Investor Relations – Why We Need It

Maximizing a Smaller Company’s Potential as a Publicly Traded Company

By Donna Dolan, Principal, Jones, Dolan & Co., Inc.

Investor Relations (IR) is a broad-ranging topic.  In its simplest form IR means maintaining good relationships with one’s investors. In reality, the investor relations function encompasses several vital and interrelated components, including timely communication of earnings and other material events, coordination of marketing communication efforts, establishment of good relationships with investors, and strong corporate governance.

To the non-strategic business manager investor relations may not seem to be that important – after all, once you have an investor’s money, put it to good use, and are paying the agreed interest or dividend payments, who cares about the relationship? While this perception may drive common business practices with debt holders, it is definitely not the best way to get and hold equity investors!

In general, equity investors need more hand holding than debt holders; in particular, the Securities and Exchange Commission (SEC) requires companies to provide more assistance to these stakeholders. The primary vehicle to accomplish this is through the required disclosure of material events. While the company’s disclosure obligations associated with equity issuance are well defined, the mechanism of the disclosure process, if done by rote with an eagerness to just comply with regulations, may not provide the investor with enough information to fully understand the value of the investment.

A company’s value is made up of a combination of the company’s actual performance and the investor’s perception of future performance. Investors’ perceptions of the firm, particularly of its ability to contend with market changes, can have a profound effect on valuation. Importantly, the shareowner often perceives an information gap between a company’s management team, the people who really run the day-to-day operations of the business and themselves — some might characterize this gap as mistrust. The management team, with their vast knowledge of the company’s strengths, weaknesses, competitors and markets, has knowledge of the company’s business unknown to the shareowners. This knowledge, when revealed, either intentionally or otherwise, can cause significant volatility in the stock valuation, causing the shareowner’s position to fluctuate.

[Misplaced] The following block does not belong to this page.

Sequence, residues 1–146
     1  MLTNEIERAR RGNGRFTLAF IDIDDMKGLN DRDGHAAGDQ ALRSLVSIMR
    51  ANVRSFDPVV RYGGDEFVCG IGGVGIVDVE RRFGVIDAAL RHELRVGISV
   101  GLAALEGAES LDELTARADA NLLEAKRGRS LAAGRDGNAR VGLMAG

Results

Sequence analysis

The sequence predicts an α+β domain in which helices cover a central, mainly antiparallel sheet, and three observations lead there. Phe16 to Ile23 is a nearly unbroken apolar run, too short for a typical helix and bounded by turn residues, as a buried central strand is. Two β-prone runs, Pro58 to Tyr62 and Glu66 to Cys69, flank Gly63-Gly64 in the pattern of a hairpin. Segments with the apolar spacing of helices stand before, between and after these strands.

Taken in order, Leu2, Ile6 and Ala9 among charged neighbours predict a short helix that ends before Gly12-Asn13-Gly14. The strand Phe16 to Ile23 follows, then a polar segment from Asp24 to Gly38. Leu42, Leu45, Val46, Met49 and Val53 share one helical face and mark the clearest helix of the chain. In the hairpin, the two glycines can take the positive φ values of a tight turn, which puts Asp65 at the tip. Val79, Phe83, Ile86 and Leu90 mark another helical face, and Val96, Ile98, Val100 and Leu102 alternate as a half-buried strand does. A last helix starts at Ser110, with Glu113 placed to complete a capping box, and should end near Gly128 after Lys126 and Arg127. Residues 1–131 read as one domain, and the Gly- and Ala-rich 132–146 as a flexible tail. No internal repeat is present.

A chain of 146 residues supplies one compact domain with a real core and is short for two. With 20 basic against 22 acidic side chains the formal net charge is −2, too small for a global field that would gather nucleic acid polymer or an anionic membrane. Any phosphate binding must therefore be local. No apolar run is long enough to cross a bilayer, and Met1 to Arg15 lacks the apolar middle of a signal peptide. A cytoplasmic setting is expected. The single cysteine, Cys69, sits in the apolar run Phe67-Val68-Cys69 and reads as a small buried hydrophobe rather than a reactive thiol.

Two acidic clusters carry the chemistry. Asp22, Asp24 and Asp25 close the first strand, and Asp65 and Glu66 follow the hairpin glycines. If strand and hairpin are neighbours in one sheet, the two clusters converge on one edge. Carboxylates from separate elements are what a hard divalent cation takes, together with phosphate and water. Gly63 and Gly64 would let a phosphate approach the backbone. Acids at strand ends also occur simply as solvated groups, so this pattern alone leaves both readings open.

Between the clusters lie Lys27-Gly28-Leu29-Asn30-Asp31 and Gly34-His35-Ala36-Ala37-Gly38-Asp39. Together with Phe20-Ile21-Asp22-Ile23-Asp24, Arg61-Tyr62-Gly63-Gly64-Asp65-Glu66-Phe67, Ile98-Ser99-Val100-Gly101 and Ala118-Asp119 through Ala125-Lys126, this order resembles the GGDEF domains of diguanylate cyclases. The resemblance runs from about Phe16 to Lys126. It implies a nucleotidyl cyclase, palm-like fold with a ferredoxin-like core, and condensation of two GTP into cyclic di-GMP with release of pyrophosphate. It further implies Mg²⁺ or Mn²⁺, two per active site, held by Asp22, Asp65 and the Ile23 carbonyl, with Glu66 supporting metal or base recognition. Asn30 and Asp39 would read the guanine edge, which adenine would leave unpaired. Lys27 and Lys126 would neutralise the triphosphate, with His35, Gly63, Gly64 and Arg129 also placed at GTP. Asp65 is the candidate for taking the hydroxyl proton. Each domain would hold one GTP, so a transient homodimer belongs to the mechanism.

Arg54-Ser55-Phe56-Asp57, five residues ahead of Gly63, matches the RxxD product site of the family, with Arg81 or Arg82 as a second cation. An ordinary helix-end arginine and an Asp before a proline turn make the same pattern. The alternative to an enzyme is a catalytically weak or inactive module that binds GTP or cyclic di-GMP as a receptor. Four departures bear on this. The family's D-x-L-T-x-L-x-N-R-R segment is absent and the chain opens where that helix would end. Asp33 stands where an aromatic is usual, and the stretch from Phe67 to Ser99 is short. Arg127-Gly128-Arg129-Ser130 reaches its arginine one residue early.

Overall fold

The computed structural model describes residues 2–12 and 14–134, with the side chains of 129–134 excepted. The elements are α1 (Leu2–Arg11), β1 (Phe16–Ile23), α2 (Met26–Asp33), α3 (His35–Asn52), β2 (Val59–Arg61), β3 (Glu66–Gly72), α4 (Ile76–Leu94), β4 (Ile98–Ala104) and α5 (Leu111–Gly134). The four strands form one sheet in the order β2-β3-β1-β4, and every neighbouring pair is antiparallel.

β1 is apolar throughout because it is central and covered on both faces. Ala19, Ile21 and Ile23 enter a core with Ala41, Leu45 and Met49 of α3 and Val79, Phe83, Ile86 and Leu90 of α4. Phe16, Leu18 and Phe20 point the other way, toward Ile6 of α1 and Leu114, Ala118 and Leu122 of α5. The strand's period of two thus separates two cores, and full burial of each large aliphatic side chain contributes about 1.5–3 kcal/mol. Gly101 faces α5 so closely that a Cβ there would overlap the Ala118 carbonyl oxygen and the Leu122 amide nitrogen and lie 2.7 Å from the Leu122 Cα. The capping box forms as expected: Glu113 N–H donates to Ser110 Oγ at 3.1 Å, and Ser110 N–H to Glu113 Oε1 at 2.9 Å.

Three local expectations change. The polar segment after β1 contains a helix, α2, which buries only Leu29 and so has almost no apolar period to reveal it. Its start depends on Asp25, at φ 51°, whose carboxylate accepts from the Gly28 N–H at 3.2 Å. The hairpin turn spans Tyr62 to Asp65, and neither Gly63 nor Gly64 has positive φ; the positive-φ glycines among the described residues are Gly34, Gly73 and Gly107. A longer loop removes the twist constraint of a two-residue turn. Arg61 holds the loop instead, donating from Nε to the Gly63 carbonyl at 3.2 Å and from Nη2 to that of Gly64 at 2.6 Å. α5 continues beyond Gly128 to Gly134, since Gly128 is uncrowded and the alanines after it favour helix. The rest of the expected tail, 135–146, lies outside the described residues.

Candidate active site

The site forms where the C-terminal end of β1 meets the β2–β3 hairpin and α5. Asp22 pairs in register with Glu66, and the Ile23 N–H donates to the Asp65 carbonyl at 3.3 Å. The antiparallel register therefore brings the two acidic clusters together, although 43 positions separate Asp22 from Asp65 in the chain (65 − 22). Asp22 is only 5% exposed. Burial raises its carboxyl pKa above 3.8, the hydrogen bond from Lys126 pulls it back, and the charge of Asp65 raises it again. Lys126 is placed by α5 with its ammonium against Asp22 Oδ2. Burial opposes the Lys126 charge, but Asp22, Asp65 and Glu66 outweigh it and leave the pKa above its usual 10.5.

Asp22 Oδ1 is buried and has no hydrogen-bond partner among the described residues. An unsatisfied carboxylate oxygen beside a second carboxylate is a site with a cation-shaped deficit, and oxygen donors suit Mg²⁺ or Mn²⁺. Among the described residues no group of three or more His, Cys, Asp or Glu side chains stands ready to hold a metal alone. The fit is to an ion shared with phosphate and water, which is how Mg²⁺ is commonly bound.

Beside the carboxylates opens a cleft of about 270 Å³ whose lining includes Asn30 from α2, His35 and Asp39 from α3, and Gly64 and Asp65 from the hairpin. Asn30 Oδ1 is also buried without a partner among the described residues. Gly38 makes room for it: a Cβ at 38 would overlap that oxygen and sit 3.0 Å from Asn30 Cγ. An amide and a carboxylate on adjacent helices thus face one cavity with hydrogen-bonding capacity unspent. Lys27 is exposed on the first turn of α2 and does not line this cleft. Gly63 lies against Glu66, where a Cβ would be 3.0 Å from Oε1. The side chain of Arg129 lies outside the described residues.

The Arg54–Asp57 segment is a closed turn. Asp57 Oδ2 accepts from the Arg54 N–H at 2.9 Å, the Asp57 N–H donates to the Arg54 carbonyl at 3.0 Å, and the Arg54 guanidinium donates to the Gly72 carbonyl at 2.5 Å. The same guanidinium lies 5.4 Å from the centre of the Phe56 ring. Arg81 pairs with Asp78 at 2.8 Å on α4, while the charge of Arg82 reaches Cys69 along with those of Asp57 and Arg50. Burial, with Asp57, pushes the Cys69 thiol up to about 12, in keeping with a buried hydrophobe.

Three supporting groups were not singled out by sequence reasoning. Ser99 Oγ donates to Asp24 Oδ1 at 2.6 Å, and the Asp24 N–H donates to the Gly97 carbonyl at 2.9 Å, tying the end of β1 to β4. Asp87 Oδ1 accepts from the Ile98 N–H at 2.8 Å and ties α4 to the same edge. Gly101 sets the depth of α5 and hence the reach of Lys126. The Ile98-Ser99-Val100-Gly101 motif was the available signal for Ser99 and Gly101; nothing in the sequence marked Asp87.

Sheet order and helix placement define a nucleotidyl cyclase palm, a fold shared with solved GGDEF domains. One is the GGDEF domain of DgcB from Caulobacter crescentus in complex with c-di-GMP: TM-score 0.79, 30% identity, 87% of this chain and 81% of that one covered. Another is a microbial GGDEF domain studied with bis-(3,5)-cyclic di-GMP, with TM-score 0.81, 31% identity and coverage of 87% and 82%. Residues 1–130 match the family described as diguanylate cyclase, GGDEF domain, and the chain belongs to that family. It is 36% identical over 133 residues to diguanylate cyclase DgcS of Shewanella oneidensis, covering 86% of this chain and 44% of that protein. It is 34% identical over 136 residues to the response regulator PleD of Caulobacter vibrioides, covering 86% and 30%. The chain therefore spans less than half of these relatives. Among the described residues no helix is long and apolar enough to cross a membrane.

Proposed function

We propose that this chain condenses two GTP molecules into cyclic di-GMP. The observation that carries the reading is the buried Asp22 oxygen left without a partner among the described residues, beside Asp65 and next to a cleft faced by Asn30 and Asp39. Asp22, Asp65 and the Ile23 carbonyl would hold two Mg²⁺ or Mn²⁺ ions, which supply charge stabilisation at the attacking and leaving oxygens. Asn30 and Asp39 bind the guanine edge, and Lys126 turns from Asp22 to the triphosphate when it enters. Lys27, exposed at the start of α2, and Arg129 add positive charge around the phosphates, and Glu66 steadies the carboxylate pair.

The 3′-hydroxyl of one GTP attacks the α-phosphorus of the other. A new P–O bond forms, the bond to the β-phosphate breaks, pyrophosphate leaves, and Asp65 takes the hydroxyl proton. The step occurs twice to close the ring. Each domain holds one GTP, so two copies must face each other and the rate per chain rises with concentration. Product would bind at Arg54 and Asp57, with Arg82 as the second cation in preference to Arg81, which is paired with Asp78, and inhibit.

This perceived information gap can foster ill-will among shareowners as well as a lack of support for the firms’ shares.  A bit of bad news emanating from a cable news network and the equity investor may sell his position first and ask questions later! Clearly this is a scenario that the successful CEO wants to avoid.

A strong, well-executed investor relations program will help a public company close this information gap and it will ensure that the company meets its fiduciary responsibility to its shareholders. Moreover, a well-executed program will help the company attain optimal valuation for its stock while helping to minimize its cost of capital.